ON HER first visit to Barlinnie, Helen FitzGerald recalls, she felt “absolutely terrified”.

“I remember walking past a group of men, serious offenders, who were on their way to start work for the day, and they were surrounded by guards,” she says.

“It all seemed so inhumane, so weird and otherworldly. Looking back, what surprises me is how quickly I became institutionalised. After day three, it just felt normal.”

Helen’s experiences as a criminal justice social worker in both the prison and working in the community in Paisley, have made it into her book Worst Case Scenario, recently shortlisted for the prestigious Theakston Old Peculier Crime Novel of the Year award. The winner will be announced next month.

It is her second time on the list – the last time was for The Cry, a powerful thriller made into a hit TV drama starring Jenna Coleman.

“It has come out of the blue,” she smiles. “Both times I’ve been on the list have been for books I wrote when I was a bit fed up, when I was looking for a bit of fun.”

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She adds, with a laugh: “Not that The Cry was much fun, of course. But it was about doing something just for me.”

The Cry – about a couple facing intense media scrutiny after their baby son disappears – was a huge hit. Now it looks like Worst Case Scenario may also make it on to the screen, with a seven-way bidding war for the rights underway.

“I’m not allowed to say anything,” she apologises. “But fingers crossed it will happen.”

Worst Case Scenario is the story of Mary Shields, a moody, acerbic probation officer, dealing with some of Glasgow’s worst cases.

Into her world comes Liam Macdowall, imprisoned for life for the murder of his wife. He has published a book of letters to the dead woman, which have made him an unlikely hero and a poster boy for men’s rights activists.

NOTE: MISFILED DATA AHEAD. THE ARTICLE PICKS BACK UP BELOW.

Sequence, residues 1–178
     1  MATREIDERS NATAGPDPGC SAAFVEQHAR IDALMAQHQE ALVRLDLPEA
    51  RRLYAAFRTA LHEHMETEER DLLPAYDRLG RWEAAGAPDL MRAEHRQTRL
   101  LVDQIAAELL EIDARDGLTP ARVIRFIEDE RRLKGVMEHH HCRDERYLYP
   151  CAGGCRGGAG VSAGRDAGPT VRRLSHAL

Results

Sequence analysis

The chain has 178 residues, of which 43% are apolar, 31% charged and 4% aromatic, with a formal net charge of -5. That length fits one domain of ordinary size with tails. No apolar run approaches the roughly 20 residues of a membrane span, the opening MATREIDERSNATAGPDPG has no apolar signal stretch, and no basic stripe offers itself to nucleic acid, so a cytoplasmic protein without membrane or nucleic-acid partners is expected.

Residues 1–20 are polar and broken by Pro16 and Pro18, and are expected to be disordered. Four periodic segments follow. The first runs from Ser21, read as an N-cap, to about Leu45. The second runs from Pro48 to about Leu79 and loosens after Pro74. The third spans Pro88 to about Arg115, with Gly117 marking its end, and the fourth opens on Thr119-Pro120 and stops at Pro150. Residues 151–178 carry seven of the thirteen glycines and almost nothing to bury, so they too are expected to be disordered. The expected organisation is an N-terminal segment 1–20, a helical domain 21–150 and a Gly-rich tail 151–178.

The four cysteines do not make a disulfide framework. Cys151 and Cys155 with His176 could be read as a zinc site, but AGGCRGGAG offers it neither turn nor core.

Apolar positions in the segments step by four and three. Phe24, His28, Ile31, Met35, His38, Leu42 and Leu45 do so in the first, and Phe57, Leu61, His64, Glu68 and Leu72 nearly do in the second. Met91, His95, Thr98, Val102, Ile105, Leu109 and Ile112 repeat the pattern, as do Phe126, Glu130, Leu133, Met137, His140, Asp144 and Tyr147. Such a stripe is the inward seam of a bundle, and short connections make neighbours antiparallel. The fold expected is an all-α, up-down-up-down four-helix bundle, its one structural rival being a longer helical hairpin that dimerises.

When Liam is released on licence into Mary’s care, a chilling psychological battle ensues – and Mary will stop at nothing to unleash her own brand of justice.

“It’s the crim-iest crime novel I have ever written, I think,” says Helen, who has written a string of successful thrillers, including Viral, Dead Lovely and The Exit. “It’s set in a world I have dipped in and out of for most of my adult working life.

“I started writing because I was feeling burnt out – even though I was working part-time, it was still full on. It’s a hard job to do, the kind of job in which you don’t realise you are feeling burnt out until one day – whoompf, it happens. I was menopausal too, and full of anxiety about that.

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“I was about halfway through a book, and suddenly Mary walked in. She just jumped off the page, this angry woman who has lost her filter, a real loose cannon. So I abandoned the first book, and started writing about her.”

Mary has particularly struck a chord with women readers.

“It’s been great to hear from them,” says Helen. “Menopause is still not talked about very often. I was unwell for a couple of years, because of anxiety and depression brought on by the menopause, and talking about it made me realise I am not the only one - many women have told me they feel the same.”

Read more: Glasgow author explores every parent's worst nightmare in The Cry

Helen’s latest novel, Ash Mountain, was due to be released last month but because of COVID-19, will now be published in August.

“It’s about a small town in the lead up to a huge bush fire,” she explains. “It’s a bit of a departure but I’m really proud of it.”

Worst Case Scenario has had rave reviews, with many critics praising it as “laugh-out-loud funny”.

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“I hadn’t meant to be funny, that was kind of accidental,” says Helen. “But a lot of the people I worked with, clients and social workers, are very funny people and great storytellers. It’s what I miss most about the job – that camaraderie.

She adds: “It was really tough a lot of the time, but when you realised that you had helped, that you had stopped someone re-offending by providing the right support and tackling attitudes, that felt good.”